Office of the State Bank Commissioner, Division of Consumer and Mortgage Lending

785-296-2266

Web Site

Not required to meet any specific requirements.

Kentucky

Department of Financial Institutions

800-223-2579

Web Site

Must maintain a surety bond for $50,000. Applicants must complete a 30-hour training course.

Louisiana

Office of Financial Institutions

888-525-9414

Web Site

Must have net worth or surety bond of $50,000. Also must complete 10 hours of education and pass a lending exam.

Maine

Office of Consumer Credit Regulation

207-624-8527

Web Site *

Must maintain a bond of $10,000. No specific education or experience requirements.

Maryland

Division of Financial Regulation

410-333-6830

Web Site

Must maintain a surety bond ranging from $15,000 to $75,000. Must have three years' experience.

Massachusetts

Division of Banks

800-495-2265 ext. 501

Not
online

Must demonstrate financial responsibility but no specific requirements. Must show a year's experience in the field; course work can trim the experience requirement.

Michigan

Division of Financial Institutions

517-373-3460

Web Site

Must maintain a net worth of $25,000 and a bond for $25,000. No specific education or experience requirements.

Minnesota

Department of Commerce

800-657-3602

Not
online

No specific financial, education or experience requirements.

Mississippi

Department of Banking and Consumer Finance

601-359-1031

Not
online

Must maintain a surety bond for $25,000. They must also have two years' lending experience or pass an exam.

Missouri

Division of Finance

573-751-3463

Web Site

Must maintain a net worth of $25,000 and a surety bond for $20,000. No specific educational or experience requirements.

Montana

No regulations

N/A

N/A

N/A

Nebraska

Dept of Banking and Finance, Financial Institutions Division

402-471-2171

Web Site

Must have surety bond for $50,000 required. No specific educational or experience requirements.

Nevada

Dept of Business and Industry, Financial Institutions Division

702-687-4259

Web Site

Must have or work in an office with a supervisor who has two years mortgage lending experience.

New Hampshire

Banking Department

603-271-3561

Web Site *

Must maintain a surety bond for $20,000. No specific educational or experience requirements.

New Jersey

Department of Banking and Insurance

609-984-2777

Not
online

Must have a net worth of $50,000 and a bond for $50,000. Also must pass a written exam.

New Mexico

Regulations and Licensing Department, Financial Institutions Division

505-827-7100

Not
online

Must maintain a $25,000 surety bond. No specific educational or experience requirements.

New York

Banking Department

800-334-3360

Web Site

Must have two years of experience in the field.

North Carolina

Office of the Commissioner of Banks

919-733-3016

Web Site

Must maintain a $25,000 surety bond. No specific educational or experience requirements.

North Dakota

Department Of Banking and Financial Institutions

701-328-9933

Web Site

Must maintain a surety bond for $25,000. No specific educational or experience requirements.

Ohio

Department Of Commerce, Division of Financial Institutions

614-644-7527

Web Site

Must maintain a surety bond of $25,000 for their main office, plus $5,000 for each branch office. Must also have 3 years' experience in the lending field or an associate's degree in finance, banking or business admin.

Oklahoma

Department of Consumer Credit

800-448-4904

Web Site *

Must have two years continuous experience in the residential mortgage loan industry, real estate sales or lending industry. Also must have a trust account in a federally insured bank in Oklahoma.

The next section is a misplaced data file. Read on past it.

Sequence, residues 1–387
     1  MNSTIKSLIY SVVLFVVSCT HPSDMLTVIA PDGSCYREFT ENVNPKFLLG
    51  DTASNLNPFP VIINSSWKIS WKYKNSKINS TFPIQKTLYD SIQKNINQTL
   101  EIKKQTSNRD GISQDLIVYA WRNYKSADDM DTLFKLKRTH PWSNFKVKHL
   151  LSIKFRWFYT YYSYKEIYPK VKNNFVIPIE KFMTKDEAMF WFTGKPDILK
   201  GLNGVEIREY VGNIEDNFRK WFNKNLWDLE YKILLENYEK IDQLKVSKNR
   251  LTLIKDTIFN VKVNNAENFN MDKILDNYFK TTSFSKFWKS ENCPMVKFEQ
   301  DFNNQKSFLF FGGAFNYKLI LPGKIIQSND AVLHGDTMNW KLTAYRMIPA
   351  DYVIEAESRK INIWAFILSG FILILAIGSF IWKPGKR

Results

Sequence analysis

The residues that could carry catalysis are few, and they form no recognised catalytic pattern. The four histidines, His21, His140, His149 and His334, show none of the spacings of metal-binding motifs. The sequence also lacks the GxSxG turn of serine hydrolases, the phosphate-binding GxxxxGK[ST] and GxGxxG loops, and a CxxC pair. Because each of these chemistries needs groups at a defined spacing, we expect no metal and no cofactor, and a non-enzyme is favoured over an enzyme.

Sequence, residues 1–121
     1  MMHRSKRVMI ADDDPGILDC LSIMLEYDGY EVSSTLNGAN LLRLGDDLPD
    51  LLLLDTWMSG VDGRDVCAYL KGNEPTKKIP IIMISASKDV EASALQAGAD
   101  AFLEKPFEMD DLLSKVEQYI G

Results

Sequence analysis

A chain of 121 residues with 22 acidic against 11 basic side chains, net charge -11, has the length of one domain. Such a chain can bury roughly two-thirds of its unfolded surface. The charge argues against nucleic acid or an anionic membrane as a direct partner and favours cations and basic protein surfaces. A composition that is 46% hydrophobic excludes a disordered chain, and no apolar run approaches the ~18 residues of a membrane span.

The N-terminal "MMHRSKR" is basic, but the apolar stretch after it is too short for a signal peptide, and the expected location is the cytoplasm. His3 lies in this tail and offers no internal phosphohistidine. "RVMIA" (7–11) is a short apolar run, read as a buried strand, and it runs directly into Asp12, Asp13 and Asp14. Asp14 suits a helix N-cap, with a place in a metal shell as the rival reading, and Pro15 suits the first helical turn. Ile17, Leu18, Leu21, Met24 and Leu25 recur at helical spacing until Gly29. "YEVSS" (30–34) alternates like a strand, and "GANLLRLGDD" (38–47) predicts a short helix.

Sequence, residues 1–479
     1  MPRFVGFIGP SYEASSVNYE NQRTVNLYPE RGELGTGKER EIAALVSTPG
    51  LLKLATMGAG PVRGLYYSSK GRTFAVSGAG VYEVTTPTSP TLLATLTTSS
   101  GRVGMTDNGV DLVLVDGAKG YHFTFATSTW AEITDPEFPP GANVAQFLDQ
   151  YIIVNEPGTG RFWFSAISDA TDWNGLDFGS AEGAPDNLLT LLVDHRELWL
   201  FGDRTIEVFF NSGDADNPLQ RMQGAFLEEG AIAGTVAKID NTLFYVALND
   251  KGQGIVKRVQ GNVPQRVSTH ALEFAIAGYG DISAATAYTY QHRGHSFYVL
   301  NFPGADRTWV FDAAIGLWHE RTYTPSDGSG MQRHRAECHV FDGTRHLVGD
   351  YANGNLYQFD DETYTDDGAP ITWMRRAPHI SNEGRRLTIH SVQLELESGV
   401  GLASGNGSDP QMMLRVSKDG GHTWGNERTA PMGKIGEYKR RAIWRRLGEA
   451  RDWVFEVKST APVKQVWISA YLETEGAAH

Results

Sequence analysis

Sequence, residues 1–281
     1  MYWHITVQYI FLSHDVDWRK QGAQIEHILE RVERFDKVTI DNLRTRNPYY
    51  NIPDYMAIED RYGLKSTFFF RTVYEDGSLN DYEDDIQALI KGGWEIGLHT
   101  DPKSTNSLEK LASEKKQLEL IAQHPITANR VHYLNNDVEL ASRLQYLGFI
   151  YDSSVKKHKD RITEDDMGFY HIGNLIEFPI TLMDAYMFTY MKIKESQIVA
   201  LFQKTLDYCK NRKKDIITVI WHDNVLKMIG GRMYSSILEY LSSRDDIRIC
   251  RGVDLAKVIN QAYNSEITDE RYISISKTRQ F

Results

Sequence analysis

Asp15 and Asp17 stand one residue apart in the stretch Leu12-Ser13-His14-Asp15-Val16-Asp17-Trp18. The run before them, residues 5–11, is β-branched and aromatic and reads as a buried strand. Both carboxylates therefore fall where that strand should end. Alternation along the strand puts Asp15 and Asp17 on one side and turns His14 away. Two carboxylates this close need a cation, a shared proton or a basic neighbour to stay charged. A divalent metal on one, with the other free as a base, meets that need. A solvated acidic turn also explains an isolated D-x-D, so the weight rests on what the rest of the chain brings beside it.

Oregon

Department of Consumer & Business Services, Division of Finance & Corporate Securities

503-378-4140

Web Site

Are required to maintain a surety bond for $25,000 to $50,000. They must also have at least 3 years experience in mortgage lending or a related business.

Pennsylvania

Department of Banking

800-722-2657

Web Site

Must maintain a bond for $100,000. No specific educational or experience requirements.

Rhode Island

Not available

401-222-2405

Not
online

Must have a net worth of $10,000 and post a $10,000 bond, plus $5,000 for each additional office. Are also required to have five years experience in the field.

South Carolina

Department of Consumer Affairs

800-922-1594

Web Site

Must maintain a surety bond for $10,000. Must have worked for two years as a loan originator. Can substitute six hours of academic study for one of those years.

South Dakota

Division of Banking

605-773-3421

Web Site

No minimum financial requirements, no specific educational or experience requirements.

Tennessee

Department of Financial Institutions

615-741-9340

Web Site

Must maintain a net worth of $25,000 and a surety bond for $25,000. No specific educational or experience requirements.

Texas

Finance Commission of Texas, Savings and Loan Department

877-276-5550

Web Site

Must maintain a net worth of $25,000 or a surety bond of $50,000. Must also have a bachelor's degree in finance, banking or business admin and 18 months experience in lending or three years lending experience.

Utah

Department of Financial Institutions

801-538-8830

Web Site

Must have surety bond for $25,000. No specific educational or experience requirements.

Vermont

Dept. of Banking, Insurance, Securities & Health Care Admin.

802-828-3307

Web Site *

Must maintain a bond for $10,000. No specific educational or experience requirements.

Virginia

 Corporation Commission, Bureau of Financial Institutions

804-371-9705

Web Site *

Must maintain a surety bond for $5,000.

Washington

Dept of Financial Institutions, Division of Consumer Services

360-902-8703

Web Site *

Must maintain a surety bond for $20,000 to $60,000. Applicants must pass an exam or demonstrate two years' experience in the field.

West Virginia

Division of Banking

304-558-2294

Not
online

Must maintain a net worth of $10,000 and a bond for $25,000. No specific educational or experience requirements.

Wisconsin

Department of Financial Institutions

608-261-7578

Web Site

Must maintain a bond for $10,000 or net worth of $100,000. No specific educational or experience requirements.

Wyoming

No regulations

N/A

N/A

N/A